ALEXANDRIA, Va., July 27, 2016 /PRNewswire/ -- A Permanent Court of Arbitration (PCA) tribunal this week unanimously found that the Republic of India expropriated the investments of shareholders of Devas Multimedia Private Ltd. (Devas) in February 2011, when it annulled a contract between Devas and Antrix Corporation Ltd. (a wholly-owned company of the Indian Government). The Hague-based PCA tribunal also unanimously found that the Indian government's actions violated its treaty commitment to provide fair and equitable treatment to its Mauritius-based shareholders.
India is now liable to pay damages to those shareholders, which include subsidiaries of Alexandria, Virginia-based Columbia Capital and Telcom Ventures. Columbia Capital and Telcom Ventures are led by well-known U.S. telecommunications investors, engineers and entrepreneurs who have built a portfolio of industry leaders in the communications, media and enterprise information technology industries, such as Sirius XM Radio, Zayo, and Millennial Media.
Antrix, operating as the marketing arm of India's International Space Research Organization (ISRO), entered into an agreement with Devas in 2005 for the long-term lease of two ISRO satellites operating in the S-band. By denying the commercial use of the S-band spectrum, the Indian Government committed an expropriation, making it liable to pay compensation.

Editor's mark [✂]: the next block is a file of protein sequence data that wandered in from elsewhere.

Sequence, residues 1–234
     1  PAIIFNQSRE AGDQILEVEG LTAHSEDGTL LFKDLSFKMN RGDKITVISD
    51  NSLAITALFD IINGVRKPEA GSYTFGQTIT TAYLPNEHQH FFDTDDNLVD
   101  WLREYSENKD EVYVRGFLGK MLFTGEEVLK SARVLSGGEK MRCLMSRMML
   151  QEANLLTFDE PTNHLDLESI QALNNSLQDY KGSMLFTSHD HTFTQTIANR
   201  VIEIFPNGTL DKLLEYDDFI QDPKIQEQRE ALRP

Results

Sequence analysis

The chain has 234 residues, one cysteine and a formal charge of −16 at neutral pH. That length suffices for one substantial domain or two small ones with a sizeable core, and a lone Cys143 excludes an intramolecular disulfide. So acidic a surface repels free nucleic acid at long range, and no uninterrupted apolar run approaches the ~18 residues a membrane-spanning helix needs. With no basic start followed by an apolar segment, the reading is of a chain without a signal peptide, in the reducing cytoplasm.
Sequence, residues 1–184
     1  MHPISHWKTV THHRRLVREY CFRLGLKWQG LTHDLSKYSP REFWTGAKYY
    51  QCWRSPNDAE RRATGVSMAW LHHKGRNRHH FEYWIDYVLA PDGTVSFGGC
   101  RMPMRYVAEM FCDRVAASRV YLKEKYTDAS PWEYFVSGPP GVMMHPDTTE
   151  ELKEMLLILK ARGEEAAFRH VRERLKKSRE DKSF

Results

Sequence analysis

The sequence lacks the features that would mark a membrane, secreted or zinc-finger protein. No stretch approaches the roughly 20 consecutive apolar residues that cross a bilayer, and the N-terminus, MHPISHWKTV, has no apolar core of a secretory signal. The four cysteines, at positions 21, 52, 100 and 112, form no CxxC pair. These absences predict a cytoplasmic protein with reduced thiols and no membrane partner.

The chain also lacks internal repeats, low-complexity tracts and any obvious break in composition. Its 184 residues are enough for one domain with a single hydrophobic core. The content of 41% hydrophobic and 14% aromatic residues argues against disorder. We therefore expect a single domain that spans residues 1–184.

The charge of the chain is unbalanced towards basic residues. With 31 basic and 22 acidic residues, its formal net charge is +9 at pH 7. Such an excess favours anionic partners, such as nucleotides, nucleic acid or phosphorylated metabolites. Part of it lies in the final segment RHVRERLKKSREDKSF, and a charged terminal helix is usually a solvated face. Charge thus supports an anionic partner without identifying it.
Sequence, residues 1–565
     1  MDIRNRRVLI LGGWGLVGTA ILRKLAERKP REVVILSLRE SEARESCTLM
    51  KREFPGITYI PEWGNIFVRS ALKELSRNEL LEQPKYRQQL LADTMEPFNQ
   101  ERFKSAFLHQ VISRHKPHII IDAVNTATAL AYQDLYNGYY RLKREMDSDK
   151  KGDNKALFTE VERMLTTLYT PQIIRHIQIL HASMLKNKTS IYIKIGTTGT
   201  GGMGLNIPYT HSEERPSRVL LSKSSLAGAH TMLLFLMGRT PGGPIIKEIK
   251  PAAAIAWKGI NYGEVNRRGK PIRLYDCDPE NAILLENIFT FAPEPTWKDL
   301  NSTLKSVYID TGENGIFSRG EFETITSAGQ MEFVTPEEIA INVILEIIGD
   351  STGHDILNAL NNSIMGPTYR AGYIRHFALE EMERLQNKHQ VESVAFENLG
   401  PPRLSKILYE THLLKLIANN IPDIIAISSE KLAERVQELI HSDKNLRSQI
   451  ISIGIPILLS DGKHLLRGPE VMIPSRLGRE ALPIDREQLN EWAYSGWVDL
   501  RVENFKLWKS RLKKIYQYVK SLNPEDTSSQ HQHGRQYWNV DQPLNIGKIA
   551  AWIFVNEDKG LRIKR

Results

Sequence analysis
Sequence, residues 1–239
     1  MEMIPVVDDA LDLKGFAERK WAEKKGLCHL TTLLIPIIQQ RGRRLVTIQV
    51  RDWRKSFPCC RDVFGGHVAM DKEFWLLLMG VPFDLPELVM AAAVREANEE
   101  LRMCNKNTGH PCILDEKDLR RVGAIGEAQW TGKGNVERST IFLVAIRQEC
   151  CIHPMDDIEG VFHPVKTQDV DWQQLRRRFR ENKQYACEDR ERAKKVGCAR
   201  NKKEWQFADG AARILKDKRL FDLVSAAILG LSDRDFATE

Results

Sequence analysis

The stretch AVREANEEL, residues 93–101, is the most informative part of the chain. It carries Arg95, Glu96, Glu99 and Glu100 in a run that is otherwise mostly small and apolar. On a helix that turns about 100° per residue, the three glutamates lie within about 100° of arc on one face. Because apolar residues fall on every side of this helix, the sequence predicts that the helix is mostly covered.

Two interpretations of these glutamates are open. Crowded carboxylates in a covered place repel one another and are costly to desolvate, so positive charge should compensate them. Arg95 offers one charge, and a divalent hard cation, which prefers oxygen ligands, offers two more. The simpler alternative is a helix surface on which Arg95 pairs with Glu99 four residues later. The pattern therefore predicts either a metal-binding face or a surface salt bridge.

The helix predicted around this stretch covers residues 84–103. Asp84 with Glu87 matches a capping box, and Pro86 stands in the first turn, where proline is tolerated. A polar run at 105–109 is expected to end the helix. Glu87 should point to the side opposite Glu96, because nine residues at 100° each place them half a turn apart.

"We are gratified that the tribunal agreed that Devas's shareholders suffered an expropriation as a result of India's annulment of the Devas-Antrix contract," said Arun Gupta, a Partner at Alexandria-based Columbia Capital. Columbia Capital's affiliate, CC/Devas (Mauritius) Ltd., is among the claimants in the PCA proceeding. "Together with Devas's 2015 award of $672 million plus 18 percent interest from an International Chamber of Commerce tribunal, we hope that the current government in India sees this ruling for what it is – objective recognition of the injustice suffered by the Devas investors – and works with us to resolve this matter in a fair and responsible way."
SOURCE Columbia Capital and Telcom Ventures